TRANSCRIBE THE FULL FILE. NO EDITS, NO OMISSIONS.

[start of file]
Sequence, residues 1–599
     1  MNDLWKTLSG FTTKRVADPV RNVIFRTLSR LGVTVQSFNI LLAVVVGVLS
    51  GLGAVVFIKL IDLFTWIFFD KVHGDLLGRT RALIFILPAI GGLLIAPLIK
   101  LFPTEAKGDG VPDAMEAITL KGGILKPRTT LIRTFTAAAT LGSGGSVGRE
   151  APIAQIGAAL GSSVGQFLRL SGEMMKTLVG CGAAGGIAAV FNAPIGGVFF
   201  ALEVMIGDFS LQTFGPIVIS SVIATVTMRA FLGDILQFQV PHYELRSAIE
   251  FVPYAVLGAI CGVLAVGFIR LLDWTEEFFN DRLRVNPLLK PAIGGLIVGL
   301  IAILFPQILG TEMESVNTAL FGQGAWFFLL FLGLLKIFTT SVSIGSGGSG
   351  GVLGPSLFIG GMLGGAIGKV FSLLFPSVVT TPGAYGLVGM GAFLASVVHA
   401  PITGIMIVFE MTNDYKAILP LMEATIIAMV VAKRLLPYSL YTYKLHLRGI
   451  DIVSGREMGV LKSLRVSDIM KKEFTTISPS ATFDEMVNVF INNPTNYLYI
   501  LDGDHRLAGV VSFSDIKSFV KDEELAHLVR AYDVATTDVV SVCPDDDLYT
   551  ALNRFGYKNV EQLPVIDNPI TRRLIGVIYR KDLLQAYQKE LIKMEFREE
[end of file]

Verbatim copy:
Sequence, residues 1–599
     1  MNDLWKTLSG FTTKRVADPV RNVIFRTLSR LGVTVQSFNI LLAVVVGVLS
    51  GLGAVVFIKL IDLFTWIFFD KVHGDLLGRT RALIFILPAI GGLLIAPLIK
   101  LFPTEAKGDG VPDAMEAITL KGGILKPRTT LIRTFTAAAT LGSGGSVGRE
   151  APIAQIGAAL GSSVGQFLRL SGEMMKTLVG CGAAGGIAAV FNAPIGGVFF
   201  ALEVMIGDFS LQTFGPIVIS SVIATVTMRA FLGDILQFQV PHYELRSAIE
   251  FVPYAVLGAI CGVLAVGFIR LLDWTEEFFN DRLRVNPLLK PAIGGLIVGL
   301  IAILFPQILG TEMESVNTAL FGQGAWFFLL FLGLLKIFTT SVSIGSGGSG
   351  GVLGPSLFIG GMLGGAIGKV FSLLFPSVVT TPGAYGLVGM GAFLASVVHA
   401  PITGIMIVFE MTNDYKAILP LMEATIIAMV VAKRLLPYSL YTYKLHLRGI
   451  DIVSGREMGV LKSLRVSDIM KKEFTTISPS ATFDEMVNVF INNPTNYLYI
   501  LDGDHRLAGV VSFSDIKSFV KDEELAHLVR AYDVATTDVV SVCPDDDLYT
   551  ALNRFGYKNV EQLPVIDNPI TRRLIGVIYR KDLLQAYQKE LIKMEFREE